LGBT law could affect North Carolina hosting ACC events

The controversial HB2 legislation, which force transgender people to use the restroom listed on their birth certificate and not the gender they identify with, has caused plenty of controversy in the state of North Carolina and around the country.

Now, the bill could have a major impact on the state hosting ACC sporting events in the future.

North Carolina has hosted the ACC Championship Game for football at Bank of America Stadium in Charlotte every year since 2010, but 2016 may be its last. The conference discussed the new law, which was signed into effect in March, at the spring meetings and it could affect what the state is able to do with the conference into the future.

“The membership strongly supports the league continuing to engage at the highest levels regarding the effects of this law on its constituents as it evaluates current and future events and championships within the state of North Carolina,” a statement released by the conference last week read.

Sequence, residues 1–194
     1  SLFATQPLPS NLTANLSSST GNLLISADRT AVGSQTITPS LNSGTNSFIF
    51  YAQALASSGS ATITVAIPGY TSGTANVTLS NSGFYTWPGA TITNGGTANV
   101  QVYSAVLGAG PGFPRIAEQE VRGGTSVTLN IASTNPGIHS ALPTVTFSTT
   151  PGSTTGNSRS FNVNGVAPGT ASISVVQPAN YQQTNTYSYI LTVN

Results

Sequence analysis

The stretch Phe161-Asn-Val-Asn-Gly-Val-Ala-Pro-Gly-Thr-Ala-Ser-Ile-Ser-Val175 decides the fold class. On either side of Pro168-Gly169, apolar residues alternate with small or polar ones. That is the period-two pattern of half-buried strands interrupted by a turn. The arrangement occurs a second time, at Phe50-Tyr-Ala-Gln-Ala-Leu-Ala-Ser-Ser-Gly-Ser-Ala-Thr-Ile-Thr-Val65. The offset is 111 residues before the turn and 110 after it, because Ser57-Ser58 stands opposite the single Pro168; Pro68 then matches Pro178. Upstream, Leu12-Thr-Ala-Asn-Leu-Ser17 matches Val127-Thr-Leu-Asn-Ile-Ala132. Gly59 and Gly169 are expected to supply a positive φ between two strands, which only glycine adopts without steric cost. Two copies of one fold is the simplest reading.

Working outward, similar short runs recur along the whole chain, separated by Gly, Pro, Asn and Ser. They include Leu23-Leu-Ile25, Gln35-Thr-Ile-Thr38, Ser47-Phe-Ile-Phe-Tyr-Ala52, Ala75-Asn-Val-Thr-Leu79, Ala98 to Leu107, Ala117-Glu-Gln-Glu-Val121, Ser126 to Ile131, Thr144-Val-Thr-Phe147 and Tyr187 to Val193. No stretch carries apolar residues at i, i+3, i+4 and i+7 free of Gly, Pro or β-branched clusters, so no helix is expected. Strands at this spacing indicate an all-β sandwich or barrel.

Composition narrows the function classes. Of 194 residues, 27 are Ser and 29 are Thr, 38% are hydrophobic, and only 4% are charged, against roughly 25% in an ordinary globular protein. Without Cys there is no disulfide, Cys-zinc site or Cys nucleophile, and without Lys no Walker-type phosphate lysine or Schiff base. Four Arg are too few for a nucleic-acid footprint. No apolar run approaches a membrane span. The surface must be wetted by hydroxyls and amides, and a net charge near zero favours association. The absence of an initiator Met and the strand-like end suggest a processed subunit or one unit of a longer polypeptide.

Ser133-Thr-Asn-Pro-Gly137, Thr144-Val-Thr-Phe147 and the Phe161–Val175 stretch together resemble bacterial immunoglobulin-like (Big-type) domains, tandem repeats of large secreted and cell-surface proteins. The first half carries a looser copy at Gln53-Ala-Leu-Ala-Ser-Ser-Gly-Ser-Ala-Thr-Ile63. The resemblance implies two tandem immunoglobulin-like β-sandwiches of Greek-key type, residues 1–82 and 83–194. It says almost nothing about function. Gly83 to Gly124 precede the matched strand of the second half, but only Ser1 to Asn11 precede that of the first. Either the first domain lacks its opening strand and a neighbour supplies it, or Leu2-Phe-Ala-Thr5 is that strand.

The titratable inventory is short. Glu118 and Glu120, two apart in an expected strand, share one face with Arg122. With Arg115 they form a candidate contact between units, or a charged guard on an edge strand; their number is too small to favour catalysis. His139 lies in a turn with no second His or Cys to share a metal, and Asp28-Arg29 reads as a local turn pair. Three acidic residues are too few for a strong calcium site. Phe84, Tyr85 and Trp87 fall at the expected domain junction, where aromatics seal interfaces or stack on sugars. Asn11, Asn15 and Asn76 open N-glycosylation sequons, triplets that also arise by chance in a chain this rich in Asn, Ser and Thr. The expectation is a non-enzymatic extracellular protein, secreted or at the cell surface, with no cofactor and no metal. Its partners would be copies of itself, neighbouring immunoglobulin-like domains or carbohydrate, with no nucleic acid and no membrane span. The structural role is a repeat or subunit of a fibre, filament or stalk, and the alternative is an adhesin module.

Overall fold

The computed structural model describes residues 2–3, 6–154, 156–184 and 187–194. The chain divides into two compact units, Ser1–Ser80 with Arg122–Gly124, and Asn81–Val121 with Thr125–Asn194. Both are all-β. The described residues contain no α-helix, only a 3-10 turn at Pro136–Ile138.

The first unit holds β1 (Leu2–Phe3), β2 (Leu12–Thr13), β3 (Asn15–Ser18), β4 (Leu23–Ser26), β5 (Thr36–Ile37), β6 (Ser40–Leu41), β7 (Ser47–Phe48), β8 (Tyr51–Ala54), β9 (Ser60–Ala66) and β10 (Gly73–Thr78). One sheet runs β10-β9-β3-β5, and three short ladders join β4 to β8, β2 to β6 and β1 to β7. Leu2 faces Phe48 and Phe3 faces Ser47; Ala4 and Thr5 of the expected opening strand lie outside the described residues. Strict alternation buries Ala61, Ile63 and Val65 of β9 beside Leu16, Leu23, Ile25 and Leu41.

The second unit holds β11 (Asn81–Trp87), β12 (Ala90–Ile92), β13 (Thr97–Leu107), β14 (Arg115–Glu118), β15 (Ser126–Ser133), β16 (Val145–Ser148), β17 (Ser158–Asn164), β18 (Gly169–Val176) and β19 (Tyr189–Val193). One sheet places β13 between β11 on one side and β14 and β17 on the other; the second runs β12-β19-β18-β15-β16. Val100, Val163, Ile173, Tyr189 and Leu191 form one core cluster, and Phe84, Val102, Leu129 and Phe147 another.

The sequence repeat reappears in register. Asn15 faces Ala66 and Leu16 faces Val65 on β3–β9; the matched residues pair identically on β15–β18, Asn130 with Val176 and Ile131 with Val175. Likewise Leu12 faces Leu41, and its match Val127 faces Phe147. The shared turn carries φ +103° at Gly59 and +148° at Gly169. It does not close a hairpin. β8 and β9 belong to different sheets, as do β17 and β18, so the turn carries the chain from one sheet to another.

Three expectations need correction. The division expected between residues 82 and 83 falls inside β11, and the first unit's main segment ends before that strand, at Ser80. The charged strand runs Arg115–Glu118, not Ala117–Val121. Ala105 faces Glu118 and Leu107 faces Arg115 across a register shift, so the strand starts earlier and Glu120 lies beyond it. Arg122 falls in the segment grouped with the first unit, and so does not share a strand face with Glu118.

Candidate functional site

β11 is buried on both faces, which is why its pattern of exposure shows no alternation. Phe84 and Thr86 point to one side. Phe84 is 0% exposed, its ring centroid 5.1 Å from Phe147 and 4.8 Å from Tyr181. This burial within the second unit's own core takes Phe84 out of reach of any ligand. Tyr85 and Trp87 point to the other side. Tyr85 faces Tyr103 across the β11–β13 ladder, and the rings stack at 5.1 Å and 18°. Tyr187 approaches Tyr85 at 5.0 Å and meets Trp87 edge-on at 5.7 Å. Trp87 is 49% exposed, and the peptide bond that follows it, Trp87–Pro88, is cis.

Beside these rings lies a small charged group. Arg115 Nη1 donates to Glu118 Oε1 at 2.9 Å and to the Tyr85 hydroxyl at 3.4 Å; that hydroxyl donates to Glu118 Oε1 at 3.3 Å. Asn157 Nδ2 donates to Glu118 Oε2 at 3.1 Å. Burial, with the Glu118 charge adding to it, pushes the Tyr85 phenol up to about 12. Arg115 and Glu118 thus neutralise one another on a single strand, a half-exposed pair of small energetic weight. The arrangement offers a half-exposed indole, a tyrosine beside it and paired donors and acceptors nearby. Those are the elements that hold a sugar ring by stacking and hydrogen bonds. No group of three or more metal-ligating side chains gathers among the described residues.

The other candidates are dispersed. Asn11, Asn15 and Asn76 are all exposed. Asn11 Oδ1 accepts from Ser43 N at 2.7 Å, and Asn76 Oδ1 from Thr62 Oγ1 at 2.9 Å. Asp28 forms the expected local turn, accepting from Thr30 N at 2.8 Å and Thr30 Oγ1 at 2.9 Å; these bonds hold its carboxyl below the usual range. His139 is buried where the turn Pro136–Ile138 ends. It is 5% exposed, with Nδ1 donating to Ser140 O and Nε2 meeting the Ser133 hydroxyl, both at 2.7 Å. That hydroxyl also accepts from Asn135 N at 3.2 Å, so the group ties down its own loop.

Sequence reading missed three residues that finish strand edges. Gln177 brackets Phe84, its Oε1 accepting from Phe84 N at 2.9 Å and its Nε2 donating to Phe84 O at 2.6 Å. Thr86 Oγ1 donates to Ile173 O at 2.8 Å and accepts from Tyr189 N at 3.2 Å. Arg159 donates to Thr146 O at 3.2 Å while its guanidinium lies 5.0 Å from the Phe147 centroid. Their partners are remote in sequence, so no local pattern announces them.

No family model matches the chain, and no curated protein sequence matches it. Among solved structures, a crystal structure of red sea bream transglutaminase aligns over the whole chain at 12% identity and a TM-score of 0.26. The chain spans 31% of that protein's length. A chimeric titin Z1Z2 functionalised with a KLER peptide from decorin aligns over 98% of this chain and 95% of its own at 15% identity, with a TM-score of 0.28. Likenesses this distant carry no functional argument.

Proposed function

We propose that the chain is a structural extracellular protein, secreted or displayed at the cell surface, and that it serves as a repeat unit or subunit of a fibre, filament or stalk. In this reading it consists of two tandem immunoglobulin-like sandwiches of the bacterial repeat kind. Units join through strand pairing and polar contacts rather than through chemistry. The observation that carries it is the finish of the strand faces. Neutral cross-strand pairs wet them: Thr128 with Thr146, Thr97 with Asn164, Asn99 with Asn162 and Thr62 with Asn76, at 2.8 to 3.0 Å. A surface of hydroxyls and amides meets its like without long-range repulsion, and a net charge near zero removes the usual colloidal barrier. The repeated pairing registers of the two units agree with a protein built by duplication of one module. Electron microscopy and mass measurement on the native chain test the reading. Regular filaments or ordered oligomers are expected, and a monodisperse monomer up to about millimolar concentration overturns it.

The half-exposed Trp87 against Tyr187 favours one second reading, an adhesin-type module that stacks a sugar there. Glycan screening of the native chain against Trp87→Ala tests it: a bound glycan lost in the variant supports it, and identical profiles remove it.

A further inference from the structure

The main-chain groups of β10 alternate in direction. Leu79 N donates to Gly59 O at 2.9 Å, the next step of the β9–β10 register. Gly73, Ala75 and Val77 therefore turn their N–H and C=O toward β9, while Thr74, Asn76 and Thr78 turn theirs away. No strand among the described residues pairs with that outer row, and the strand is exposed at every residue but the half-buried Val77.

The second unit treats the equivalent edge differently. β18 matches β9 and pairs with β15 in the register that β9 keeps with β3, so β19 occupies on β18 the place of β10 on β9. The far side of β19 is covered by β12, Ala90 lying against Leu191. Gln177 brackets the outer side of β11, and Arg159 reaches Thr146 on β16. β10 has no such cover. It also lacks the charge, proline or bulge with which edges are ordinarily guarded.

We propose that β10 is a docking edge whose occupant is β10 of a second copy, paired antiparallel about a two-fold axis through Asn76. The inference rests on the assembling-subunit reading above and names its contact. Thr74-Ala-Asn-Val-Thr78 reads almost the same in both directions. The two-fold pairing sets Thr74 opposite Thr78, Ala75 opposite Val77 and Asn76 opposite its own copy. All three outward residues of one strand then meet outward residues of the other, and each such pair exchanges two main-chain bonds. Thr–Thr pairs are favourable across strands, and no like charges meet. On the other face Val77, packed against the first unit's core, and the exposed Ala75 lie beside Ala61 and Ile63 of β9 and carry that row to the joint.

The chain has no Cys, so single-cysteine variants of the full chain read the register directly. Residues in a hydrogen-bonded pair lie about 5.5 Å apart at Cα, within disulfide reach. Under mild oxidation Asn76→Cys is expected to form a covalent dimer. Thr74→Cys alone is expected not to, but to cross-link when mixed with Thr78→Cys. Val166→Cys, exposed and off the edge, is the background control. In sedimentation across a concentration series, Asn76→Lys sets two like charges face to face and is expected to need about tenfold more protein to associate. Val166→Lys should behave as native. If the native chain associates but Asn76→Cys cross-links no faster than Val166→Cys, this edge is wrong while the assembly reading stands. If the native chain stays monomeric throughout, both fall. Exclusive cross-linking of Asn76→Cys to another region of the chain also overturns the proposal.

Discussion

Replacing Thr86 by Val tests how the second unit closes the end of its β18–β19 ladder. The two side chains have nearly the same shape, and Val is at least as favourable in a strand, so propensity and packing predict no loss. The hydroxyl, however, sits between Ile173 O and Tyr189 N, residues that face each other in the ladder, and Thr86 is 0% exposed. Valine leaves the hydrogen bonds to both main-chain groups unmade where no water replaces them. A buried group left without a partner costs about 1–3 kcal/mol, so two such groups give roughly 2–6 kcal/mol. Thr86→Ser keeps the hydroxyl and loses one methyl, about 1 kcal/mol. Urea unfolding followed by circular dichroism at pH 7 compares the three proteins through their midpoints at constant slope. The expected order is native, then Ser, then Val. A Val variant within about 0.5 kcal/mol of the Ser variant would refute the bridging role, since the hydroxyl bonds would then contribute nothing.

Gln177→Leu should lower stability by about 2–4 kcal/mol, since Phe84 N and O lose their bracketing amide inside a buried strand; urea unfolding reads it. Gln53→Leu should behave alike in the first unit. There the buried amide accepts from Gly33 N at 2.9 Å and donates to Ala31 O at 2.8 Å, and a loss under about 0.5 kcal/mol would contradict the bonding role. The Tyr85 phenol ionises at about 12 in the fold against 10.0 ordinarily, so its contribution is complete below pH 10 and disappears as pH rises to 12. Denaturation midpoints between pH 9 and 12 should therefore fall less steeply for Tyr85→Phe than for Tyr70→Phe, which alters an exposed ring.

North Carolina has also hosted the women’s basketball conference tournament multiple times in the past. It was in Raleigh in 1979 and 1982, in Fayetteville from 1983-1991, in from 1997-1999, and has been in Greensboro every year since 2000.

The public backlash for the law has worried the state over the last few months and it could affect the sporting world greatly over the next year. It could cause the NBA to pull the 2017 All-Star Game from the state and it could keep the NCAA Tournament out in 2019.

It certainly looks like the state has some big decisions to make at next year’s state legislature. For now, however, they have to suffer the consequences as they come.

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*Featured Photo (above) credit to USA TODAY Sports

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